ORIGINALLY PUBLISHED AT FILMORIA
Jack (Adam Sandler) is an advertising executive who needs to land Al Pacino for a Dunkin’ Donuts campaign, but Pacino proves difficult to convince until he meets Jack’s identical twin sister Jill (also Adam Sandler) and falls madly in love with her.
It seems that Adam Sandler is not aware of The Nutty Professor franchise and what this did, or rather didn’t do, for Eddie Murphy’s career. Sandler plays both Jack and his sister Jill and manages to make neither character even remotely endearing. Jill is brash and rather stupid, and Jack is impatient and rather rude, so they make for a great comedy duo, right? Wrong. There is nothing funny about either character. Jack is horrible to his sister and doesn’t engage with any member of his family. The character is never made out to be a good guy who just has had enough of his sister; he treats everyone around him with contempt and impatience. Jill is stupid and brash and has a really annoying voice that grates after the first few minutes.
It is left to Katie Holmes to be the sympathetic, understanding character in the film, but she is not given enough screen time to do so and just comes off as weak. And Al Pacino, oh my, where do we start? It is hard to imagine the circumstances in which Pacino thought that this would be a good career move. Although he is able to laugh at himself, and does so throughout the whole movie, his overly sincere version of himself comes off like Pepe LePew as he follows Jill around, completely enamoured with her.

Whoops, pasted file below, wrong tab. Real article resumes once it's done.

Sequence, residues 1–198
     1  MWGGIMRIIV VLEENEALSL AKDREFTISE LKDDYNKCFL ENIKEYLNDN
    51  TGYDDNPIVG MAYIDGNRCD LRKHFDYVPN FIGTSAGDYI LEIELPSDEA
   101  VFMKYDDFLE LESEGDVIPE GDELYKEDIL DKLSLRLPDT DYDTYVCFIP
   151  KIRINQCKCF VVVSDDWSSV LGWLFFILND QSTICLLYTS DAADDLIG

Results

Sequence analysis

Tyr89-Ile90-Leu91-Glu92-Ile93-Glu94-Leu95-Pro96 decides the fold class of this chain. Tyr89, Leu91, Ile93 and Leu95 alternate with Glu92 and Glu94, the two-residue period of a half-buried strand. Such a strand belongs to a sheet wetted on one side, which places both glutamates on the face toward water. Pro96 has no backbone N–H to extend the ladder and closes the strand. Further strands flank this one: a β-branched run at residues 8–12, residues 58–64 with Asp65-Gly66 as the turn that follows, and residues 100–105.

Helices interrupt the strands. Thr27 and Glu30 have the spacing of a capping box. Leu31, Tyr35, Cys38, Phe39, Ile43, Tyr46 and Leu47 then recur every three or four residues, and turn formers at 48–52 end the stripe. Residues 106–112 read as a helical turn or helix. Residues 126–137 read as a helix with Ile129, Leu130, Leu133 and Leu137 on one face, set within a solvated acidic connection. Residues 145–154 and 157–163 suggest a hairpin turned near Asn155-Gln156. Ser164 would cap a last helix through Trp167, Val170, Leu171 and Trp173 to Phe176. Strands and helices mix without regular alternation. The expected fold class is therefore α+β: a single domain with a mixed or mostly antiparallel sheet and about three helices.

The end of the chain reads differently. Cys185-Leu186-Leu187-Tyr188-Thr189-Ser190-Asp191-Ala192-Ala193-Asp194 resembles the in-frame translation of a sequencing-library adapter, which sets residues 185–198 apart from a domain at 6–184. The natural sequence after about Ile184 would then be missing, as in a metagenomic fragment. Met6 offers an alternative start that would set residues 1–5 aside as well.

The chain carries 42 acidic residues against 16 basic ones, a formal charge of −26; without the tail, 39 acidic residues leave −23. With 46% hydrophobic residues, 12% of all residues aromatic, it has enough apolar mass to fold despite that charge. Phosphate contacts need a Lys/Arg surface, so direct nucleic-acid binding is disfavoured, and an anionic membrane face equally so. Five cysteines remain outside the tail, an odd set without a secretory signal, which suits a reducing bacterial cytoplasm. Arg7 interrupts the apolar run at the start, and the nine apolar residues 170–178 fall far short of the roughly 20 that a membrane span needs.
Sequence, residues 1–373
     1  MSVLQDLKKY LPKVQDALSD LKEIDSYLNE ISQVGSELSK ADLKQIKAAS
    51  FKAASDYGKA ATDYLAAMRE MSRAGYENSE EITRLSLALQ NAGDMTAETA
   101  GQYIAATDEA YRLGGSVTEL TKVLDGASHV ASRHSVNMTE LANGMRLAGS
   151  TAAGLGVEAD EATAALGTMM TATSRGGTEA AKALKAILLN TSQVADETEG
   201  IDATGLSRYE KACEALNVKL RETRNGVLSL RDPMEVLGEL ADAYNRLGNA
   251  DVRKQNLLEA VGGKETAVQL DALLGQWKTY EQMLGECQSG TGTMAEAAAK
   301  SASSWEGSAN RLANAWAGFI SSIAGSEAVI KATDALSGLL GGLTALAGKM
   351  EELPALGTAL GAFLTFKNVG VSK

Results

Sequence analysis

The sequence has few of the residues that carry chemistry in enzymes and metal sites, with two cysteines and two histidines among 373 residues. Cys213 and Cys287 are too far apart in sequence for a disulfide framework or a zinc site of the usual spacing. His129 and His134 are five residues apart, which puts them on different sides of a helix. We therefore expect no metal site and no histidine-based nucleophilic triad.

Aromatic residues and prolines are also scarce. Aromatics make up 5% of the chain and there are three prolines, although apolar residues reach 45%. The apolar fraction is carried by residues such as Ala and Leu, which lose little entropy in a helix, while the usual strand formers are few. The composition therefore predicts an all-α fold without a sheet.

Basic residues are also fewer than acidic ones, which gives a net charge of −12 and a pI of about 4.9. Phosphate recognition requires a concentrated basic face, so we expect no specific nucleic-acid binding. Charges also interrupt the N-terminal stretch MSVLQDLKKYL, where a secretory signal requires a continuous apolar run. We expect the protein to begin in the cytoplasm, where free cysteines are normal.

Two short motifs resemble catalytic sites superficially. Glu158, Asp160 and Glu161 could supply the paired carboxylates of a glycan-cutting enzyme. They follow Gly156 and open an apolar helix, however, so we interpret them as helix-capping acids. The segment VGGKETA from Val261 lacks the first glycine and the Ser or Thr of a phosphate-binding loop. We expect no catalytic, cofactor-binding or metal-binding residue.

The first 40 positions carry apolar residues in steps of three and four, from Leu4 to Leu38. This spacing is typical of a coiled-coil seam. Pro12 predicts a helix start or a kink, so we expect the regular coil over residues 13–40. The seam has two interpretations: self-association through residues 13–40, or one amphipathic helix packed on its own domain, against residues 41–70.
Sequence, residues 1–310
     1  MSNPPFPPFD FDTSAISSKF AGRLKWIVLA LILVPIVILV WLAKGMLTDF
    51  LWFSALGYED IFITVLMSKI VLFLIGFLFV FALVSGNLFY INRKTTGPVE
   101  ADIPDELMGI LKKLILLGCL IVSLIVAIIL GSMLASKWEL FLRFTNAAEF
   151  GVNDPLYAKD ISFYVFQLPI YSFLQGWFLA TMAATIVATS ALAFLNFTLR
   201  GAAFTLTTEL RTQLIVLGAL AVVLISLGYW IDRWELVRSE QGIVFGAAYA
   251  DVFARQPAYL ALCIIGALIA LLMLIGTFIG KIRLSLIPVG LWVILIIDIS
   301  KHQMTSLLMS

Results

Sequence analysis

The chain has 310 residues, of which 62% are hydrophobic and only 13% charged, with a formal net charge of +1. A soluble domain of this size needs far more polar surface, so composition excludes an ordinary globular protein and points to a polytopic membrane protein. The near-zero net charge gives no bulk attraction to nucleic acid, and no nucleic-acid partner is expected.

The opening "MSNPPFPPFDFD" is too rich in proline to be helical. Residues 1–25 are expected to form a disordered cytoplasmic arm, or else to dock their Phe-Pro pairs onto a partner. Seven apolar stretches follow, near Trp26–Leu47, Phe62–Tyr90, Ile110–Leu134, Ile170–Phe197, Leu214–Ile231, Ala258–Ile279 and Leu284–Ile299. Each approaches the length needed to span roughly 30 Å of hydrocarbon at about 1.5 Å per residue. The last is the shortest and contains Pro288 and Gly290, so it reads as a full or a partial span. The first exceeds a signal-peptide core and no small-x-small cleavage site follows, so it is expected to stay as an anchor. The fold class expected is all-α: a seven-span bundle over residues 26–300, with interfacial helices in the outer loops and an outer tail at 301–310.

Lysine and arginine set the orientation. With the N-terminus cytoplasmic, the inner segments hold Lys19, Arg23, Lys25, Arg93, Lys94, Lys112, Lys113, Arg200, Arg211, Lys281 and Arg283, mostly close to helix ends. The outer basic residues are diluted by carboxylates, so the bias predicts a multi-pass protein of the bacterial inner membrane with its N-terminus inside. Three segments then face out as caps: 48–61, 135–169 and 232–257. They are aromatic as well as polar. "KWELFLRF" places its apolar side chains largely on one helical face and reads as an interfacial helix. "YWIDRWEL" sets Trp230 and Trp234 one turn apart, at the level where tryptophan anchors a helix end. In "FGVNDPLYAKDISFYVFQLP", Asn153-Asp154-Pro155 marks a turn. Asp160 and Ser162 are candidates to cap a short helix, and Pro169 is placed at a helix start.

The story is utterly predictable – Jack is not happy that his sister has come to stay, but when Al Pacino falls for her, he has to keep her around to try and get Pacino to do his ad. Jill is not best pleased with the overly pushy Pacino, so when she refuses to go out with him, Jack dons a wig and pretends to be her. It is something that has to happen from moment one, and when it does, it’s cringy. As well as the predictable story, there is the issue of the ‘twin powers’ that Jill keeps harping on about. She believes that she and Jack have the ability to feel each other’s pain, and should still speak in their childhood twin language, which just leads to her coming off as a nut job, not a 40-something year old woman with even the slightest experience of the world.
There really is nothing good to say about Jack and Jill, other than it seems Adam Sandler is no longer fooling himself about where his career is going. The pinnacle of Punch Drunk Love appears long forgotten, and Sandler has accepted that thoughtless gross out humour is where he is going to stay. None of these characters are endearing – no, not even Al Pacino – in fact, they are all rather annoying, selfish and a little bit mad (one of the kids likes to sellotape things to himself, and the other always carries a doll which she dresses the same as, that’s not the good kind of weird).
There is nothing funny, endearing or original about Jack and Jill, except maybe the technology used to put Jack and Jill together on screen, and the montage of interviews with real life twins at the start and the end of the film. Other than that, Jack and Jill is an unfunny wreck and should be avoided at all costs.